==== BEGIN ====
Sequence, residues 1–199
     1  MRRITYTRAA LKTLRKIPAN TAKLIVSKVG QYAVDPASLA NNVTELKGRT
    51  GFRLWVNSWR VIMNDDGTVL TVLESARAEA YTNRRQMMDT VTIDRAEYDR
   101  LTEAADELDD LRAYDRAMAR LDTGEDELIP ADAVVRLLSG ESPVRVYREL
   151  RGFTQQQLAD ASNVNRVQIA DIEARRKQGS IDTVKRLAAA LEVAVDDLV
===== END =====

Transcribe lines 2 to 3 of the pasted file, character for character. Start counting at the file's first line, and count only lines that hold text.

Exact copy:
     1  MRRITYTRAA LKTLRKIPAN TAKLIVSKVG QYAVDPASLA NNVTELKGRT
    51  GFRLWVNSWR VIMNDDGTVL TVLESARAEA YTNRRQMMDT VTIDRAEYDR